[show abstract][hide abstract] ABSTRACT: Methanotrophs present in landfill cover soil can limit methane emissions from landfill sites by oxidizing methane produced in landfill. Understanding the spatial and temporal distribution of populations of methanotrophs and the factors influencing their activity and diversity in landfill cover soil is critical to devise better landfill cover soil management strategies. pmoA-based microarray analyses of methanotroph community structure revealed a temporal shift in methanotroph populations across different seasons. Type II methanotrophs (particularly Methylocystis sp.) were found to be present across all seasons. Minor shifts in type I methanotroph populations were observed. In the case of spatial distribution, only minor differences in methanotroph community structure were observed with no recognizable patterns (both vertical and horizontal) at a 5 m scale. Correlation analysis between soil abiotic parameters (total C, N, NH4 (+) , NO3 (-) and water content) and distribution of methanotrophs revealed a lack of conclusive evidence for any distinct correlation pattern between measured abiotic parameters and methanotroph community structure, suggesting that complex interactions of several physico-chemical parameters shape methanotroph diversity and activity in landfill cover soils.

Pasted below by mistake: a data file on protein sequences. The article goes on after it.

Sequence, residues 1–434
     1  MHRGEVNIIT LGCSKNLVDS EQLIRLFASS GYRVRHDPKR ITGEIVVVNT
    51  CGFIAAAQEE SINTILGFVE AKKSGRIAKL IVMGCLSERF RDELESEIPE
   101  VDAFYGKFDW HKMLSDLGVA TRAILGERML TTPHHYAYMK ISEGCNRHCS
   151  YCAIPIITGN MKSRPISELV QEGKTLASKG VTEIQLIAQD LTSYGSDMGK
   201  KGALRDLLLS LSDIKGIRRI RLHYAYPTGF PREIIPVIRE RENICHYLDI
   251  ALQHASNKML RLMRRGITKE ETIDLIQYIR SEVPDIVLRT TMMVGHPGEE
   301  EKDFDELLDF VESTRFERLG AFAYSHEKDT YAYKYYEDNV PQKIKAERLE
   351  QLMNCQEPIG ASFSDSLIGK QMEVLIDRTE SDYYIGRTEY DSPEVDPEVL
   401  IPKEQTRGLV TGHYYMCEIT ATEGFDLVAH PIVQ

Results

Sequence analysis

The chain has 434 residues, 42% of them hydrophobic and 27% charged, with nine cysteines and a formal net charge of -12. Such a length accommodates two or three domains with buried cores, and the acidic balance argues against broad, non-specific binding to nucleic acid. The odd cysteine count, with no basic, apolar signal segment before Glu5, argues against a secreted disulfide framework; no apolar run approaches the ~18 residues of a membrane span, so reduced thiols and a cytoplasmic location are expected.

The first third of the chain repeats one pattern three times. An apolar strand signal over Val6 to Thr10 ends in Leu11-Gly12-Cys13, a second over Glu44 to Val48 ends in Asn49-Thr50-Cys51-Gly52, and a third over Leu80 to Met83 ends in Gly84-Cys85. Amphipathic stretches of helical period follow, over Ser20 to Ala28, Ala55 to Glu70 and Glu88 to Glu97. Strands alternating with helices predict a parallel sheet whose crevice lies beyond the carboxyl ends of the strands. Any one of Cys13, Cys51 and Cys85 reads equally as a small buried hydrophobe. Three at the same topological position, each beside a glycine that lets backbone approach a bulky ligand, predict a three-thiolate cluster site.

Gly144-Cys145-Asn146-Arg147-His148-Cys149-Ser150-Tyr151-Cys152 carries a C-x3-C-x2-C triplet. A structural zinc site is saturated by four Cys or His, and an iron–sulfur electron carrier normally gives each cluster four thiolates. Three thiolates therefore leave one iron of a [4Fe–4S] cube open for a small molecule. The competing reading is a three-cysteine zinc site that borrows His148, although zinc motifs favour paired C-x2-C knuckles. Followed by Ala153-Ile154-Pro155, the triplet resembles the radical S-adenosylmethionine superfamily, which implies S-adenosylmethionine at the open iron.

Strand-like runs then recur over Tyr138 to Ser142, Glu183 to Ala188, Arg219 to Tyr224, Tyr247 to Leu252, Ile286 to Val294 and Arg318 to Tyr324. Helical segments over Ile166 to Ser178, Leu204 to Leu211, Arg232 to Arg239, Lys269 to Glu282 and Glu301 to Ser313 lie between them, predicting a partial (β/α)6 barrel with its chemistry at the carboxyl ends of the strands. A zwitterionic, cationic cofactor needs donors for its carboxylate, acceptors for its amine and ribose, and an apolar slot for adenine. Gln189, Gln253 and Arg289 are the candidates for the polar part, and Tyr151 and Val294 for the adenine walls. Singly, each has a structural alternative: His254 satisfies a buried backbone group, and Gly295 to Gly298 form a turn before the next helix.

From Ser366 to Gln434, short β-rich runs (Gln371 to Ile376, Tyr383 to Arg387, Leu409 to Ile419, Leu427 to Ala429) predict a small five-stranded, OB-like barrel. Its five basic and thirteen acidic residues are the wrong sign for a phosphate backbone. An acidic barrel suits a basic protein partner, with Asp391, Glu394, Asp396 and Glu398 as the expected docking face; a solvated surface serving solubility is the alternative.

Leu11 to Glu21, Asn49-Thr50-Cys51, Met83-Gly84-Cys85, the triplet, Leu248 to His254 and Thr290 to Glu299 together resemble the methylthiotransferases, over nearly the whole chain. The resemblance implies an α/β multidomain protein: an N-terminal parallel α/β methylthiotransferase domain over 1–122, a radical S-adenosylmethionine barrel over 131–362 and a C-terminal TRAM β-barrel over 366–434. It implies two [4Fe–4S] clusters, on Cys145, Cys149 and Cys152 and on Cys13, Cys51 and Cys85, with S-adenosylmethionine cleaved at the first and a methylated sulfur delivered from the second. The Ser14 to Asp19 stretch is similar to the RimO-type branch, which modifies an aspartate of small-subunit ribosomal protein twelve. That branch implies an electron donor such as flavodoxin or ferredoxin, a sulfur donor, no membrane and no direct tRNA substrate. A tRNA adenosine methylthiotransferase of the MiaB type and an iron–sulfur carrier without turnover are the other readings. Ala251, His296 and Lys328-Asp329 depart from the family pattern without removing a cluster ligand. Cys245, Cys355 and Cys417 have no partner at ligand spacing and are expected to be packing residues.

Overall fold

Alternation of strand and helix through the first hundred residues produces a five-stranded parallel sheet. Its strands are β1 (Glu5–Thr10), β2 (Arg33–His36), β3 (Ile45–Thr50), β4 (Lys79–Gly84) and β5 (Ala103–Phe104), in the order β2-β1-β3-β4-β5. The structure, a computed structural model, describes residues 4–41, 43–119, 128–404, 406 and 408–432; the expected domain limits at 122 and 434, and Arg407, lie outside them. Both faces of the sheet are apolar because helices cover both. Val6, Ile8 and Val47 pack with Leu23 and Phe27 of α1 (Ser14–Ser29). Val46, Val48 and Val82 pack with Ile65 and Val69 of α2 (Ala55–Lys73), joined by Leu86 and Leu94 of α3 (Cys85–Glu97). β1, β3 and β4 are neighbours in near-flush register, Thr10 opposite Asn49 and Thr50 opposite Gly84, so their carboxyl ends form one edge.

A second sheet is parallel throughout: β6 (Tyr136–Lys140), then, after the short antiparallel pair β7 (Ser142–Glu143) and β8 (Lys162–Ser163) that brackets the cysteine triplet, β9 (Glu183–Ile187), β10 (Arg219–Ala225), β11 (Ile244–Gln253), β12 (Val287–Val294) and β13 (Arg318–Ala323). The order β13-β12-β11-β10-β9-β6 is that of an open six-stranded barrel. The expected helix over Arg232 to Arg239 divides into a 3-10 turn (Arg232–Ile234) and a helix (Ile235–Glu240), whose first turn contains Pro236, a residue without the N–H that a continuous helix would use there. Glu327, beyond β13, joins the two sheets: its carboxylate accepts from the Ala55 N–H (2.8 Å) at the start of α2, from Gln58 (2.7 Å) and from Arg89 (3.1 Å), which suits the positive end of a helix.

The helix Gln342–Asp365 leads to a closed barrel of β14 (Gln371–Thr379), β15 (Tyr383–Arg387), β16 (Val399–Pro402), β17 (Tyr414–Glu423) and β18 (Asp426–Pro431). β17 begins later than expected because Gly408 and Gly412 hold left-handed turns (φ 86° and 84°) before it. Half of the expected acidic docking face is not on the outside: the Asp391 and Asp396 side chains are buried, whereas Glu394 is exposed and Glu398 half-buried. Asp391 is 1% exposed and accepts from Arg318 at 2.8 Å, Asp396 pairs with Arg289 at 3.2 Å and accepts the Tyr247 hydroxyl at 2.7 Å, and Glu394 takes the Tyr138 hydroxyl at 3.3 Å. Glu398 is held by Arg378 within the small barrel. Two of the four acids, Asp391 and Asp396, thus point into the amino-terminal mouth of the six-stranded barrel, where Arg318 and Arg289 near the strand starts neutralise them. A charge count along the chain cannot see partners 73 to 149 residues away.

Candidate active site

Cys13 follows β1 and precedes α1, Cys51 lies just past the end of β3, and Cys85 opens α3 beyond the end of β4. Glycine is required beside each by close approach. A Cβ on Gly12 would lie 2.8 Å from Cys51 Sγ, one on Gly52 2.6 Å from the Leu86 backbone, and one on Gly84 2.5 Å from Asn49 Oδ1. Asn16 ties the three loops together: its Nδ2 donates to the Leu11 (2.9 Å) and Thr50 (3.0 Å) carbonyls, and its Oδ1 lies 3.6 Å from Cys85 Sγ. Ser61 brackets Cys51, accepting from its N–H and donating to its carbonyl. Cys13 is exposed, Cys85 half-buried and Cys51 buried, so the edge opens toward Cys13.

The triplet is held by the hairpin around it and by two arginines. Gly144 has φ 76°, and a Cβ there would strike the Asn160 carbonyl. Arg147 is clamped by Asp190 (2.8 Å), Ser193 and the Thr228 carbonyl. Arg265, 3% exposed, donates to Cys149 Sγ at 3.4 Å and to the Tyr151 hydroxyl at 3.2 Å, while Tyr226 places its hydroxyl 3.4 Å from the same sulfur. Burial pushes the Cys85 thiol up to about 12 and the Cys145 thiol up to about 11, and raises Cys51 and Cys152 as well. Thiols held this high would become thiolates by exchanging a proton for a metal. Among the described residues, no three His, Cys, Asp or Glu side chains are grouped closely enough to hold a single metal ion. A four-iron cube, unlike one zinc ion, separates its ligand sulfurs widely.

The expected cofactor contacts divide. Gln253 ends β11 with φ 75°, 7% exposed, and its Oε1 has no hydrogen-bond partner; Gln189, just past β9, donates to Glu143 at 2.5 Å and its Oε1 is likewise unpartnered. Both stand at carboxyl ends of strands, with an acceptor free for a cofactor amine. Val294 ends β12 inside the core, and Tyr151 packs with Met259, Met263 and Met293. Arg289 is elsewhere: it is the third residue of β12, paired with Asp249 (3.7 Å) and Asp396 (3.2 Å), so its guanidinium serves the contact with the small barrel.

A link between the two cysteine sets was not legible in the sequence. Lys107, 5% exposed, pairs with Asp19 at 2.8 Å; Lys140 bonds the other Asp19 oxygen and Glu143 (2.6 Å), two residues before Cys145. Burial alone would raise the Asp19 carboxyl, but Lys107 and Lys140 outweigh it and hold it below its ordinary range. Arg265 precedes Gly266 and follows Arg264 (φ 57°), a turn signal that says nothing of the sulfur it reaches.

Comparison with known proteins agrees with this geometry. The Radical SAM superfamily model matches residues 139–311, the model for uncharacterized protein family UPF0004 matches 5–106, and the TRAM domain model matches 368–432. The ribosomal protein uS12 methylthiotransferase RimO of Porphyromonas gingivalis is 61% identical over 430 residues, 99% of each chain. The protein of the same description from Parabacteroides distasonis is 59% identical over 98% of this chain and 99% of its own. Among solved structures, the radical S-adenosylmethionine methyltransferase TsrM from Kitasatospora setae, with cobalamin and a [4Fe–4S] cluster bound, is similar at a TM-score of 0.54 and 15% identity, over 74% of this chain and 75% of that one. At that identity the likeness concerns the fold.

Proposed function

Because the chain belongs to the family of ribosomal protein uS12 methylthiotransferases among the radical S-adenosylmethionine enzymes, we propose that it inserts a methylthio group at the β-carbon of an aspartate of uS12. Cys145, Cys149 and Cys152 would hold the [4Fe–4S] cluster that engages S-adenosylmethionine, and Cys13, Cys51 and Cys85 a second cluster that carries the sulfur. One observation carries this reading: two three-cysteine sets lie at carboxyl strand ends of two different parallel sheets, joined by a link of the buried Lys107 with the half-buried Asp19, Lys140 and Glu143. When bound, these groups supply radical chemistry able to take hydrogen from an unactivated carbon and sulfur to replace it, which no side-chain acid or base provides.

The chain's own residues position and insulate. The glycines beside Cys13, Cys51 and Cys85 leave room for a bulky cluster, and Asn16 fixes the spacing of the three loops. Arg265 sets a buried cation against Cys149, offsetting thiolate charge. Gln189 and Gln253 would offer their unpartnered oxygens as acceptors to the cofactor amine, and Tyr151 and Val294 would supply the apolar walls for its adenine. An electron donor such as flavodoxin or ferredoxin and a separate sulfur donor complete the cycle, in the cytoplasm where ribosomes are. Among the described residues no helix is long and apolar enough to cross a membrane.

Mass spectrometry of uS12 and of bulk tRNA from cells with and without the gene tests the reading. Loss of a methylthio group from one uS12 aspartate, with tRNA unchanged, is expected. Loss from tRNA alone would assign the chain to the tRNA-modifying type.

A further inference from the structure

[show abstract][hide abstract] ABSTRACT: Microbial diversity in Movile Cave (Romania) was studied using bacterial and archaeal 16S rRNA gene sequence and functional gene analyses, including ribulose-1,5-bisphosphate carboxylase/oxygenase (RuBisCO), soxB (sulfate thioesterase/thiohydrolase) and amoA (ammonia monooxygenase). Sulfur oxidizers from both Gammaproteobacteria and Betaproteobacteria were detected in 16S rRNA, soxB and RuBisCO gene libraries. DNA-based stable-isotope probing analyses using 13C-bicarbonate showed that Thiobacillus spp. were most active in assimilating CO2 and also implied that ammonia and nitrite oxidizers were active during incubations. Nitrosomonas spp. were detected in both 16S rRNA and amoA gene libraries from the 'heavy' DNA and sequences related to nitrite-oxidizing bacteria Nitrospira and Candidatus 'Nitrotoga' were also detected in the 'heavy' DNA, which suggests that ammonia/nitrite oxidation may be another major primary production process in this unique ecosystem. A significant number of sequences associated with known methylotrophs from the Betaproteobacteria were obtained, including Methylotenera, Methylophilus and Methylovorus, supporting the view that cycling of one-carbon compounds may be an important process within Movile Cave. Other sequences detected in the bacterial 16S rRNA clone library included Verrucomicrobia, Firmicutes, Bacteroidetes, alphaproteobacterial Rhodobacterales and gammaproteobacterial Xanthomonadales. Archaeal 16S rRNA sequences retrieved were restricted within two groups, namely the Deep-sea Hydrothermal Vent Euryarchaeota group and the Miscellaneous Crenarchaeotic group. No sequences related to known sulfur-oxidizing archaea, ammonia-oxidizing archaea, methanogens or anaerobic methane-oxidizing archaea were detected in this clone library. The results provided molecular biological evidence to support the hypothesis that Movile Cave is driven by chemolithoautotrophy, mainly through sulfur oxidation by sulfur-oxidizing bacteria and reveal that ammonia- and nitrite-oxidizing bacteria may also be major primary producers in Movile Cave.